There’s an old saying that “it takes a village,” but sometimes a strong individual can get the ball rolling to make a big mark on the community.
Plans are in the works to install a new substance abuse and mental health services center in the former medical building in Hatteras village, and many of the parties involved credit the development of the fast-moving plans to a Hatteras local, Wendy Stowe Sisler.
Wendy lost her son, Cory Stowe Sisler, in December of 2017 after a long struggle with addiction. Corey was 31-years-young.
In the weeks and months since, Wendy has spearheaded a movement which is grounded in social media to raise awareness and funds for island locals struggling with addiction, and to get much-needed and expanded mental health and substance abuse services on Hatteras Island.
And it’s working.
Currently, PORT Health Services shares a small office in Frisco next to the Sheriff’s office where they provide some services for local individuals. But for the most part, folks have to travel up the beach to Nags Head and to PORT Health’s larger office to get in-depth care and treatment.
In the near future, however, PORT Health is planning to move to the northern end of the medical building in the center of Hatteras village, which will make services more comprehensive, and more accessible.
“A couple of things came together at the same time for this to happen,” says Michelle Hawbaker from PORT Health. “We have had services out of the [Dare County] Health Dept. in Frisco for some time, but there isn’t adequate space for all the services we wanted. We were looking for someplace so we could expand our services, and the Hatteras Medical Center became available.”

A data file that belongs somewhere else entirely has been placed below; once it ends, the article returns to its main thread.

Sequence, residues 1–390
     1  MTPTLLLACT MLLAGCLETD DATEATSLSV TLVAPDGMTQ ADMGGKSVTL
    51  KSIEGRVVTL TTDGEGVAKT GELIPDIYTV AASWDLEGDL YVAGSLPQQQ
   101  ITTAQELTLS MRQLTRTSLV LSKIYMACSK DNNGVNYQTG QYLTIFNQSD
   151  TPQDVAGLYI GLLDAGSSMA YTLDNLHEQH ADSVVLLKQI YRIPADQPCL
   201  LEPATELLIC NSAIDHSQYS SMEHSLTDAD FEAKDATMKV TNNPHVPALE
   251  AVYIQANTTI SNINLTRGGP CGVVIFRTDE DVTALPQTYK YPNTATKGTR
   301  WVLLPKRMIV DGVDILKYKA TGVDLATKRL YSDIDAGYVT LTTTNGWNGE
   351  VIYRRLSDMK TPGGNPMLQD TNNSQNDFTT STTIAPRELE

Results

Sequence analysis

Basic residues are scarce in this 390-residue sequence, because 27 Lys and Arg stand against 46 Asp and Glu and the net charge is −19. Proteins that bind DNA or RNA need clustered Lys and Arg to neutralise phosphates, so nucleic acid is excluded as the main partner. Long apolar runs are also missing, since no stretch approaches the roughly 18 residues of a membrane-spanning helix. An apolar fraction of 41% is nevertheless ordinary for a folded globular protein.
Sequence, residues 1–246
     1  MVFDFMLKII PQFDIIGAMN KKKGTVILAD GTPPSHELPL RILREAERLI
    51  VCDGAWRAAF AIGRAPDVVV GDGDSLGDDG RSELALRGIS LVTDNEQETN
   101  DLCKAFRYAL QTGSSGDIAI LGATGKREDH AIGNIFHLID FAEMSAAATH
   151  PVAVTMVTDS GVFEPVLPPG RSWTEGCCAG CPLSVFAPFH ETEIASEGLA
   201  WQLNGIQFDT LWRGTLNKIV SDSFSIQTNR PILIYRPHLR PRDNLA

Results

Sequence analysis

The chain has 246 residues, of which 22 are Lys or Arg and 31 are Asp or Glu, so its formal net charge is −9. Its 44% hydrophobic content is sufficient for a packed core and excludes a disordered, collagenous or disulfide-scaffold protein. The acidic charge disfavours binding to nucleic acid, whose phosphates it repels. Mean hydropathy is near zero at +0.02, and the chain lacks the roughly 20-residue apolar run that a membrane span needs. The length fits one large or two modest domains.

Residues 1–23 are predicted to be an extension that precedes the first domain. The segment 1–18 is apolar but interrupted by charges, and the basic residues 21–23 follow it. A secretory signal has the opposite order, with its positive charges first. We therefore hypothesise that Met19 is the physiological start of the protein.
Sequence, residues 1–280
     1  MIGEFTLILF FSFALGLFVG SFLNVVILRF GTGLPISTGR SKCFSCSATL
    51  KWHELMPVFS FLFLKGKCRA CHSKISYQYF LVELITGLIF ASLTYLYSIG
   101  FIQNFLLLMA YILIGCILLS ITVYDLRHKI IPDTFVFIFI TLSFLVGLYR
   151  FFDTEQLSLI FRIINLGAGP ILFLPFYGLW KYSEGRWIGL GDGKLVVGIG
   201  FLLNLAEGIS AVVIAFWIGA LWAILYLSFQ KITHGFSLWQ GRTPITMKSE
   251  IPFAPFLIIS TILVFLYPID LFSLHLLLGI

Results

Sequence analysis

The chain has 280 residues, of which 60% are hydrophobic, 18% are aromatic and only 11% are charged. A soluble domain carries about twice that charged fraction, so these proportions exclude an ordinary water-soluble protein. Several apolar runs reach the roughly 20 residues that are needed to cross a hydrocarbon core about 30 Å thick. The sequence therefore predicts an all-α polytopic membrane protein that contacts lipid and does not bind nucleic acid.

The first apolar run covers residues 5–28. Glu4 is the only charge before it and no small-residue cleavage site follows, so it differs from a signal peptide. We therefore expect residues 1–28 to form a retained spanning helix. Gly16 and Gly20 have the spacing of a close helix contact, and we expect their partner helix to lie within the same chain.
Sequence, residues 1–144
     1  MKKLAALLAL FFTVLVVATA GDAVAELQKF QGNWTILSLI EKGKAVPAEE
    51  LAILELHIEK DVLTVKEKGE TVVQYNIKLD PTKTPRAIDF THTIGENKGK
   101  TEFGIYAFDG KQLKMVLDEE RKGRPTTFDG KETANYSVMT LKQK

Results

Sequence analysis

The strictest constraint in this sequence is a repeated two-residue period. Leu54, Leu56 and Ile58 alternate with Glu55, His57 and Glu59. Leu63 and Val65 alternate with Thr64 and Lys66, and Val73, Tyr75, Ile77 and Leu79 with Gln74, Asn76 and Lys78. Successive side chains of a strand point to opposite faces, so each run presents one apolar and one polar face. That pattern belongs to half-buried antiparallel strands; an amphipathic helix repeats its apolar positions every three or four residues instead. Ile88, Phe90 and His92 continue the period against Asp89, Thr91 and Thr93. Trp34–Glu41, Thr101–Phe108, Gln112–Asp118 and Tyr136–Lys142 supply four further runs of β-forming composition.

“People from the tri-villages can get to us in [Nags Head], but it’s much harder for people in the southern villages,” she says. “Also, this location has more space, so we can have group therapy, expand our psychiatry services, and try to incorporate some community recovery support services and activities.”
“Treatment is short term, and recovery requires a lifetime,” she adds. “Hopefully there will be activities that aren’t time limited, but will support people: AA, NA – they will be welcome to have meetings there, and there can be other programs too. Having that support in your own community – that could make a big difference.”
In addition to the center itself, PORT Health is receiving donations thanks to Wendy’s efforts, which will be put back into the community in whichever way is needed most.
Transportation is a big hurdle on the island that can be overcome with the funds, but so is general awareness and bringing the local addiction problem to light – two additional non-monetary issues that Wendy is helping as well.
“I think her assistance and support has been critical in a couple ways,” says Michelle. “She has raised funds to help us do things we couldn’t do otherwise, and to allow people to participate in treatments. And her willingness to put her tragedy out there for people has done amazing things to break the stigma, and bring the issue to the forefront.”
“Addiction affects everyone, and it’s not a negative reflection on the family and loved ones,” she adds. “I admire her for being able to stand up and share her experience. She wants to make things easier, and better, and I think she’s doing just that.”
Currently, the lease for PORT Health to use the site is being finalized, according to Dare County Manager Bobby Outten.
Because the medical building is a county property, a lease needs to be in place and approved by all parties, and once that occurs, there is a 30-day advertisement – or notice – where the public can comment on the project if they would like. After the 30 days are up, it will go before the Dare County Board of Commissioners (BOC) for final approval.
“It’s a three step process – complete the document, advertise it, and then get the Board of Commissioners’ approval,” says Outten. “It will most likely come up [for approval by the BOC] as early as the second meeting in March.”
“I anticipate no issues with this at all,” said Dare County Commissioner Vice Charman Wally Overman in an email. “…We are all looking forward to PORT moving into this facility in Hatteras to provide their much-needed services on Hatteras Island.”